HEARING TIPS

“Man

“Why do I hear a ringing noise in my ears?” “How can I make that noise go away?”

You could be suffering from tinnitus, a common hearing disorder that manifests noises in your ears that no one else can hear, if you find yourself making these kinds of remarks. You’re not by yourself. Tinnitus is a condition that impacts millions of people.

Most describe it as ringing in the ears, but it can also sound like a dial tone, pulsing noise, buzzing, or whistling.

Depending on the severity, ringing in the ears might seem harmless. But tinnitus shouldn’t always be neglected. Tinnitus symptoms can frequently be a sign of something more significant taking place in your body.

You should take the following 6 symptoms seriously.

1. The Ringing in Your Ears is Affecting The Quality of Your Life

Some research suggests that 26% of tinnitus sufferers experience that ringing on a nearly continuous basis.

Depression, anxiety, insomnia, and relationship problems are all possible outcomes of this ever present ringing.

Something as easy as listening to your daughter share a recipe over the phone becomes a battle between her voice and the noise that overshadows it. The nonstop ringing has stressed you out to the point where you snap at a family member who simply asks you a question.

Constant ringing can become a vicious cycle. The ringing gets louder as your stress level goes up. Loud noise makes you more nervous and so on.

If tinnitus is causing these kinds of life challenges, it’s time to address it. It’s real, and it impacts your quality of life. There are treatment options that can considerably reduce or eliminate the noise in your ears.

2. The Noise in Your Ears Manifests After You Switch Medications

Doctors might try numerous different medications to manage the same condition whether you have chronic pain or cancer. You may ask for a different option if you start to experience severe side effects. If your tinnitus started or got significantly worse after you started a new medication, look at that list of side effects and talk to your doctor.

Tinnitus might be caused by some common medications. Here are a few examples:

  • Chemo
  • Antibiotics
  • Opioids (Pain Killers)
  • Loop Diuretics
  • Over-the-counter painkillers (Tylenol, Aleve, Advil, and even aspirin) when taken several times a day for an extended period of time.

3. It’s Accompanied by Headache, Blurred Vision, or Seizures

This might be a sign that high blood pressure is causing your tinnitus. When you have hypertension, the blood flow to your inner ear is restricted. Your general health is also at risk with high blood pressure. Over time, it may cause or worsen age-related hearing loss.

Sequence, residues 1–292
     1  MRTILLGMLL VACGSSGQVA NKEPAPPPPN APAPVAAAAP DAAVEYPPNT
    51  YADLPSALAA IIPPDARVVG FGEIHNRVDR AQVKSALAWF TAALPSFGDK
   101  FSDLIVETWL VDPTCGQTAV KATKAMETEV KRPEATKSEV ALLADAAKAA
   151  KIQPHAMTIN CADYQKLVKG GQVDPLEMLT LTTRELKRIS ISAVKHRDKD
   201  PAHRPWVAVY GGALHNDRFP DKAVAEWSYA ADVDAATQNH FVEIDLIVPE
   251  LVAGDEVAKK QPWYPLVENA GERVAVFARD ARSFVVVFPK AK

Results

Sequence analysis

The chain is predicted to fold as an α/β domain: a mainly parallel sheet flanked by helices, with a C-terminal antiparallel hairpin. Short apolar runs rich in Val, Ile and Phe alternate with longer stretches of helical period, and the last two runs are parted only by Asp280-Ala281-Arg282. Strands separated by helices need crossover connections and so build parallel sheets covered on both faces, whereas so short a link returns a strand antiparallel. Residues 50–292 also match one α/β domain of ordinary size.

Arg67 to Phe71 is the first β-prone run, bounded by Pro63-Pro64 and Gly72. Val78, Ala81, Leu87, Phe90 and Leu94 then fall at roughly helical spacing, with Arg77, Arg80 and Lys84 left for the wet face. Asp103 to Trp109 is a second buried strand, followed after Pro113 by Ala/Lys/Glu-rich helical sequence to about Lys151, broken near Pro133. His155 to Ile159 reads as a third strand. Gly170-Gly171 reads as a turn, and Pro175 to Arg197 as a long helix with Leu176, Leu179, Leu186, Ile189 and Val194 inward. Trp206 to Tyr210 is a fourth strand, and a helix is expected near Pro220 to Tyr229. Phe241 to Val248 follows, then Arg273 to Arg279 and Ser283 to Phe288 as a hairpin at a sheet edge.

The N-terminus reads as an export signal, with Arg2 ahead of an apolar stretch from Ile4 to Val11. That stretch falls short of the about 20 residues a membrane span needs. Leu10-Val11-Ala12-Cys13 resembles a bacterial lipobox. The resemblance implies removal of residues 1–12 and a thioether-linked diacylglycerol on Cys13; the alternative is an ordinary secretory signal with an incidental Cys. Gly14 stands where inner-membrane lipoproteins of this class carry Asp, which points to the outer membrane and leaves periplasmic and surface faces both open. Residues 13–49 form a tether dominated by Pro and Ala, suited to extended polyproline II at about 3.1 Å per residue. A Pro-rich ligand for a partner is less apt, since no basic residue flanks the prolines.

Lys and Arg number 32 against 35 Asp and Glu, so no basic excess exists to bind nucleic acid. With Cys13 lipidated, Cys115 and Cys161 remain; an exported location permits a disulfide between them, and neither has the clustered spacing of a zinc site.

4. You Only Hear it When Leaving a Gym, Concert, or Work

If you only hear the tinnitus after you leave a noisy place such as a concert, aerobics class, factory, or bar, then the place you just left had noise levels above safe levels. It becomes increasingly likely that these noises will become permanent the more frequently you ignore them and skip using ear protection. And hearing loss will probably accompany it.

If you’re going to be exposed to loud noise, use the following to safeguard your hearing:

  • Giving your ears a regular break by stepping outside or into the restroom, if possible, at least once every hour
  • Wearing earplugs
  • Standing a little further away from loud speakers

If you work in a noisy place, adhere to work rules pertaining to earmuffs and earplugs. Your safety gear will only successfully protect you if you use it correctly.

5. You Also Have Facial Paralysis

Whether you have ringing in your ears or not, you should never ignore facial paralysis. But when the tinnitus symptoms are accompanied by paralysis, headaches, and nausea, this may be a sign of a slow-growing benign brain tumor called an acoustic neuroma.

6. Fluctuating Hearing Loss is Accompanying Tinnitus

Do you have hearing loss that seems to get worse, then get better, then worse again? Are you sometimes dizzy? When accompanied by tinnitus, this means you need to be tested for Meniere’s disease. This causes a fluid imbalance in your ears. Your risk of falling caused by lack of balance will worsen if this condition is left untreated.

Tinnitus is often a sign of hearing loss. So if you’re experiencing it, you should have your hearing examined more frequently. Contact us to make an appointment.

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The site information is for educational and informational purposes only and does not constitute medical advice. To receive personalized advice or treatment, schedule an appointment.
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